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From The CriticsReviewer: Dunya M Atisha, M.D.(University of Iowa Hospitals and Clinics)
Description: This is a basic yet comprehensive review of the application of lines, drains, tubes, and frames used to care for surgical patients most appropriate for interns preparing to begin their surgical residencies or upper level medical students interested in pursuing surgical careers.
Purpose: The purpose seems to be to restore an interest in and understanding of the basic principles associated with adequate care of surgical patients. These are certainly worthy objectives, especially since surgical residents have to reduce their work hours and allied health professionals are taking over basic tasks that surgical residents should ultimately master. The book meets its objectives in most chapters. A few chapters could have used more detailed discussion and illustrations.
Audience: It is written for all levels of surgical trainees, students, and nurses. It appears most appropriate for surgical residents who are early in their training or medical students who are interested in pursuing a surgical residency as well as for surgical nurses.
Features: The book covers some of the basic principles associated with the application of different surgical lines, drains, feeding tubes, and frames for all surgical patients (including urologic, neurologic, and orthopedic surgical patients). Important to surgical resident training are the chapters on the principles associated with managing the basic issues surrounding care of the surgical patient, including the open abdomen, stomas, the airway, surgical wounds, and pain. The book does a wonderful job of describing techniques associated with performing certain surgical procedures, such as surgical airways and central line and peripheral line placements. Illustrations in these chapters provide excellent visuals. The pain chapter provides thorough descriptions of the different options associated with pain management. The most disappointing chapter is on stomas. Understanding the anatomy, function, and application of the different types of stomas may be a challenge for surgical residents who are new in training. This chapter should have included more detail about the indications for a loop vs. end colostomy, mucus fistula versus not, Hartmann's etc. Furthermore, it should have included a more detailed discussion of the kinds of immediate and delayed stomal complications that could occur and how to manage them, instead of simply referring to a stomal specialist. This would be most helpful to both surgical trainees and nurses who are caring for these patients.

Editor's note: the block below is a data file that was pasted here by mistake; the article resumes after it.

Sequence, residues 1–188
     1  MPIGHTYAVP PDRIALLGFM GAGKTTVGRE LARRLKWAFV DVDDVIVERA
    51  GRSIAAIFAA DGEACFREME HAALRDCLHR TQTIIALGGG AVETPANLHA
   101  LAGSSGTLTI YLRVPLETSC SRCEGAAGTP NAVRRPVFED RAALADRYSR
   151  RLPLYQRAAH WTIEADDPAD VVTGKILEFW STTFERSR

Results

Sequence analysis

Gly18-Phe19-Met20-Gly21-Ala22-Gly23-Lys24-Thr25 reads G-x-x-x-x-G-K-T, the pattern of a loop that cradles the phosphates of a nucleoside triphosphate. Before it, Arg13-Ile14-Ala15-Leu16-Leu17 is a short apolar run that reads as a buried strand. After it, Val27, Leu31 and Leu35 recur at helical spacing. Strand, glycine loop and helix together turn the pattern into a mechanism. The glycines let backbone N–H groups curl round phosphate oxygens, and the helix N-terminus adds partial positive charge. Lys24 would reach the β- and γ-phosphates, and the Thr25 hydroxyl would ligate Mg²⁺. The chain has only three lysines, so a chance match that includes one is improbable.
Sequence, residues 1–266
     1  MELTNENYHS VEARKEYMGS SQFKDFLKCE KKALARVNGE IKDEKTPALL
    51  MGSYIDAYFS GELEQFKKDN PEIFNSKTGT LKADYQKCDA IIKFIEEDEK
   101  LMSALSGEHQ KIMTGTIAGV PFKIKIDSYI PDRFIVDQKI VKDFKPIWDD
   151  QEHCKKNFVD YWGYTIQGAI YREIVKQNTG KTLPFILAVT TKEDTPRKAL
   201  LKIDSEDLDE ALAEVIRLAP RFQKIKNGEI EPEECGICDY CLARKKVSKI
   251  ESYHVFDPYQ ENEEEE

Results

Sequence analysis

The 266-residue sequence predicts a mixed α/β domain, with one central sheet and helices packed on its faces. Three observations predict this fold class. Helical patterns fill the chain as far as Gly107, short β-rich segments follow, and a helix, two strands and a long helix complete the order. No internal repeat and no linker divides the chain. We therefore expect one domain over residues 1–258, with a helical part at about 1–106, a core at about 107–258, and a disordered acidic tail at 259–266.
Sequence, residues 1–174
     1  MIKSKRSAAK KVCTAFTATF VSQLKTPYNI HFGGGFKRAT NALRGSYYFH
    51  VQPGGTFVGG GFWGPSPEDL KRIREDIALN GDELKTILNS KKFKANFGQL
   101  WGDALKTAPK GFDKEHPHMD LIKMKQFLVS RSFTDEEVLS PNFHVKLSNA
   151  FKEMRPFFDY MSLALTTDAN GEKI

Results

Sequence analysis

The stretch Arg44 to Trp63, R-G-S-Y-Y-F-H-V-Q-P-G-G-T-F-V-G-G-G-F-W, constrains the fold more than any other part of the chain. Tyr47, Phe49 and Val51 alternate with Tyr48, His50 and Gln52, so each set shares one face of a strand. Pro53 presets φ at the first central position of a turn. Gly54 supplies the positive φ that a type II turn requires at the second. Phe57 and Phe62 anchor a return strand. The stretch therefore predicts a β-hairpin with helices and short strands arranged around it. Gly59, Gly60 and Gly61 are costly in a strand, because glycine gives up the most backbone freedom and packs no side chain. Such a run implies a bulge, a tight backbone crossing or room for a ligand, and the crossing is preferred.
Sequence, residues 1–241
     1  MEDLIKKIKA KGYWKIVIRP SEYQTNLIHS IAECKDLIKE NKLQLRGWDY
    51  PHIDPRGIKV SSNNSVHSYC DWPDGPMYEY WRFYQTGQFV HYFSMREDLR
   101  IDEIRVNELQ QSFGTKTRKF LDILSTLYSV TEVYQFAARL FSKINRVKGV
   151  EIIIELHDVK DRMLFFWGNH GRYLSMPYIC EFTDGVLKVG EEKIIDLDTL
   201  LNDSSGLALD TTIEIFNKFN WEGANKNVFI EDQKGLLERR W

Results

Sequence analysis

Assessment: This book does an adequate job of describing the basic principles associated with the care of surgical patients, but it is most appropriate for those who have yet to begin surgical training. It is incumbent upon surgical trainees to then master their knowledge through the use of surgical textbooks, teachings from their seniors or attending staff, and experience. The illustrations are fantastic and they do a superlative job of introducing these principles and techniques to new students or trainees. In comparison to other books, it dominates in terms of illustrations and it is quick, fun reading. However, it is obviously not meant to replace the comprehensive information in surgical textbooks (Greenfield's Surgery: Scientific Principles and Practice, 4th edition, Mulholland et al. (Lippincott Williams & Wilkins, 2006), and Schwartz's Principles of Surgery, 8th edition, Brunicardi et al. (McGraw-Hill, 2005)).